Pakistan remittances may hit $22 billion in 2018-19

Pakistan remittances may hit $22 billion in 2018-19

Dubai - Over 8 million overseas Pakistanis may send record money home.

By Muzaffar Rizvi

Published: Tue 30 Oct 2018, 8:05 PM

Last updated: Tue 30 Oct 2018, 8:37 PM

Pakistan is expected to receive remittances worth a record $22 billion in financial year 2018-19 as the government has offered an incentive package to overseas workers to attract more money through official banking channels, experts said.
Analysts said remittances from more than 8 million overseas Pakistanis are likely to post double-digit growth over $19.62 billion received in 2017-18. The country received remittances worth $19.91 billion, an all-time high, in 2015-16.
Latest data from the State Bank of Pakistan (central bank) showed that remittances rose 13.14 per cent in the first quarter of fiscal year 2018-19 as overseas workers remitted a record $5.42 billion during July-September 2018 compared to $4.79 billion in the same period last year. The country is expected to receive $22.19 billion worth of remittances if the similar trend continues in the remaining three quarters, experts said.
Prime Minister Imran Khan in a recent tweet expressed his willingness to facilitate overseas Pakistanis to boost remittance inflows up to $40 billion in coming years.
"Insha Allah by removing hindrances, we will be able to increase remittance flows from $20 billion to at least $30 billion and perhaps even $40 billion through banking channels," Khan's tweet said. 

UAE takes the lead
The central bank's latest data showed that overseas workers in the UAE remitted 10.95 per cent more in July-September 2018 quarter by sending $1.19 billion as against $1.07 billion in the same quarter last year. Overseas Pakistanis residing in Dubai remitted $836.85 million during the quarter compared to $815.83 million in similar period last year.
The central bank's data showed that remittances from the UAE surged by 39.36 per cent in the past 5 years as Pakistani expats sent $4.33 billion in 2017-18 compared to $3.1 billion in financial year 2013-14. Pakistanis workers in Dubai remitted record $3.17 billion in 2017-18 as against $1.55 billion in 2013-14, reflecting a 104.73 per cent growth in past 5 years.
Overseas Pakistanis will play key role in stabilising national economy by sending more remittances to their homeland following an incentive package announced by the new government led by Imran Khan, according to an analyst. 
Devaluation impact
Last week, Prime Minister Imran Khan approved several incentives for overseas Pakistanis to attract more remittances through official banking channels to boost dwindling foreign exchange reserves, which fell below $8 billion mark to $7.82 billion on October 19.
As per details, the government will pay an incentive or Rs2 [100 per cent increase] for the use of mobile wallet on each transaction of $1 remittance as airtime. Foreign exchange companies and banks that bring in 15 per cent more remittances than the previous financial year, will also get an incentive of Rs1 against each $1 incremental remittance transaction.
In addition to the incentives, the experts said devaluation of the rupee in the past 10 months would also encourage overseas workers to send more money to the country.
Dr Pervez Tahir, former chief economist, government of Pakistan, said the rupee depreciation will encourage remittances as one dollar would exchange for more rupees than before.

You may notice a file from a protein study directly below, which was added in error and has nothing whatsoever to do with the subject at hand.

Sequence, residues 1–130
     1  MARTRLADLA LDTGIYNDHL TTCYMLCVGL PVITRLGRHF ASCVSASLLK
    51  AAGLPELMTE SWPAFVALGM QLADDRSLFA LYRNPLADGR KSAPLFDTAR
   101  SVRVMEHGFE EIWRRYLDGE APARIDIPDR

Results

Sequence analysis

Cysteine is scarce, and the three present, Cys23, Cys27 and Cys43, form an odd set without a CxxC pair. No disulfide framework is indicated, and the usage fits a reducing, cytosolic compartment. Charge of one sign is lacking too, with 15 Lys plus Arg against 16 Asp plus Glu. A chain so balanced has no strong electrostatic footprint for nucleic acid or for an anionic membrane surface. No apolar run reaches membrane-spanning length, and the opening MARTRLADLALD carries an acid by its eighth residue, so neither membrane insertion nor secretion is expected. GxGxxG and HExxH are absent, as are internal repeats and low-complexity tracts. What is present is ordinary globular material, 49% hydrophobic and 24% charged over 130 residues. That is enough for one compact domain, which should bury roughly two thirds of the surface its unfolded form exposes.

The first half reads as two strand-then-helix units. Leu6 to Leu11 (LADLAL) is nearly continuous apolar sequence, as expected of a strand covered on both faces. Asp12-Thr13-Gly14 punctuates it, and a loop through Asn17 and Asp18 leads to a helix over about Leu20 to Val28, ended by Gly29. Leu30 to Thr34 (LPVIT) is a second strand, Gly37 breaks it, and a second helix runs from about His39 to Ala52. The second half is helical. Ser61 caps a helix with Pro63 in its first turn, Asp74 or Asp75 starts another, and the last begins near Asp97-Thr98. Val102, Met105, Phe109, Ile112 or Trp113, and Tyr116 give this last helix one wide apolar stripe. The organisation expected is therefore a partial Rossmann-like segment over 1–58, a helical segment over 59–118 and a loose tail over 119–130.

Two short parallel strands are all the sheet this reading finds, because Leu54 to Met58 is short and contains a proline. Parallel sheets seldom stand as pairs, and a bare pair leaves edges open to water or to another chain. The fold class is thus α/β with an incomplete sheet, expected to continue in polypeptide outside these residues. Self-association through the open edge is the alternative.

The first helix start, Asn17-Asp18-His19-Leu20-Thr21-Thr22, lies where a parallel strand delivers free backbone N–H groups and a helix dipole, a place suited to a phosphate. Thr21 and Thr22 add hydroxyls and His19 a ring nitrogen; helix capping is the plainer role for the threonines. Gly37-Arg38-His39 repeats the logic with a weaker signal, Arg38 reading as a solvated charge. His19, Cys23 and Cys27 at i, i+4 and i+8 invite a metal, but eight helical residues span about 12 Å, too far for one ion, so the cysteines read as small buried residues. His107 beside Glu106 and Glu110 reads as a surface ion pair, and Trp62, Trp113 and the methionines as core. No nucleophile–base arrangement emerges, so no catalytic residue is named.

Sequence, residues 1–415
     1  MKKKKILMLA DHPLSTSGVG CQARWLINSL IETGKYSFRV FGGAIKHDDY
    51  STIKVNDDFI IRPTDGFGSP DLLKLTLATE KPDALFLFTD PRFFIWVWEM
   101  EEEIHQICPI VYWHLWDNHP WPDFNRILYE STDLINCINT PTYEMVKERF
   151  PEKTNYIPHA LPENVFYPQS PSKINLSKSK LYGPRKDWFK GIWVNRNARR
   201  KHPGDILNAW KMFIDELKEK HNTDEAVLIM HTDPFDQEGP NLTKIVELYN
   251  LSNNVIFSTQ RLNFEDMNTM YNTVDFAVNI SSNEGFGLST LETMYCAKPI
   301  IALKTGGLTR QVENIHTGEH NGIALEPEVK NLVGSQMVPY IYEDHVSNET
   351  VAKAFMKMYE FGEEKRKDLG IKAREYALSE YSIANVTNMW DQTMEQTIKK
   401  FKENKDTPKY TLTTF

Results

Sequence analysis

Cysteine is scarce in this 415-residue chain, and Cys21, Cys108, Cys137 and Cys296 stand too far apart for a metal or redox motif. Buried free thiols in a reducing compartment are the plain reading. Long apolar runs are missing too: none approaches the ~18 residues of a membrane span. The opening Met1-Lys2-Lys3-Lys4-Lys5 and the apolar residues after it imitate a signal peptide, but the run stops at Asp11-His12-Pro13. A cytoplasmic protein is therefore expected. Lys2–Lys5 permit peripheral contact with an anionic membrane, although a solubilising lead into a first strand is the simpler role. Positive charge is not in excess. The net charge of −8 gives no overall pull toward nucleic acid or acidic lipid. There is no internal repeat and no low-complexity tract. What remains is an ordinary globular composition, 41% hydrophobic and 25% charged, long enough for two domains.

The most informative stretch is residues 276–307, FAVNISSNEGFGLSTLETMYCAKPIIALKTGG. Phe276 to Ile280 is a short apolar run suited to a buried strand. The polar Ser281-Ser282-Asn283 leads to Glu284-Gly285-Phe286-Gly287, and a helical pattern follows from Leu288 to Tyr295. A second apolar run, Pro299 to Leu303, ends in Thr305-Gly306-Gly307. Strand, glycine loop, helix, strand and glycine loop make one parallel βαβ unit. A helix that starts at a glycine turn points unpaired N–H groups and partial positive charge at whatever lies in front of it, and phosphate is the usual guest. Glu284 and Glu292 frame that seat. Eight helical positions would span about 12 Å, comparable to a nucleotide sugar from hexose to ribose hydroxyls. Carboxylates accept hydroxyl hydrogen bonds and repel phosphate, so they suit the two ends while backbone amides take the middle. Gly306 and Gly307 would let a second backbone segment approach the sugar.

"The IMF programme is likely to restore confidence in the market. The exchange rate fluctuations will reduce significantly. Where the parity settles down is anybody's guess," Tahir told Khaleej Times.
Muzzammil Aslam, former chief executive of EFG Hermes Pakistan, said the flow of remittances may not tick up from the Middle East countries due to slowdown.
"We may see push from the US due to stronger dollar. The remittances likely to grow within 5 per cent of last year level," Aslam told Khaleej Times.
With the depreciation of the rupee, senior economist said the gap between the official interbank and open market rate narrows down to Rs1.5-2 from Rs5.
"This will channelise more remittances through official channel. People, who already anticipating the devaluation, has held the remittances, may now remit and keep their proceeds at attractive rupee deposit at 8.5 per cent per annum," Aslam said.
Forex Association of Pakistan president Malik Bostan echoed the similar views and said overseas Pakistanis are expected to send more money this year that will help stabilise the economy. He paid rich tribute to overseas Pakistanis for sending $20 billion remittances on average annually and said the government should take serious measures to solve their problems and attract more money through legal channels.
To a question, he said outlook for the rupee remains positive after securing timely help from friendly countries.
"Financial assistance from friendly countries such as Saudi Arabia, the UAE and China will help Pakistan acquire IMF loan at better terms and avoid stringent conditions," Bostan said.
He said the government will have to take difficult decisions to put the economy on right track by adopting long-term policies to build-up foreign exchange reserves, reduce $60 billion of imports and increase stagnant exports from present $20 billion level.
Talal Zubeiri, a Dubai-based banker, said recent devaluation motivated him to send more money to the country and invest in property and saving schemes. "I used to remit money for monthly expense of my family, but recently I remitted more due to better exchange rate and better investment options in the country," he said.

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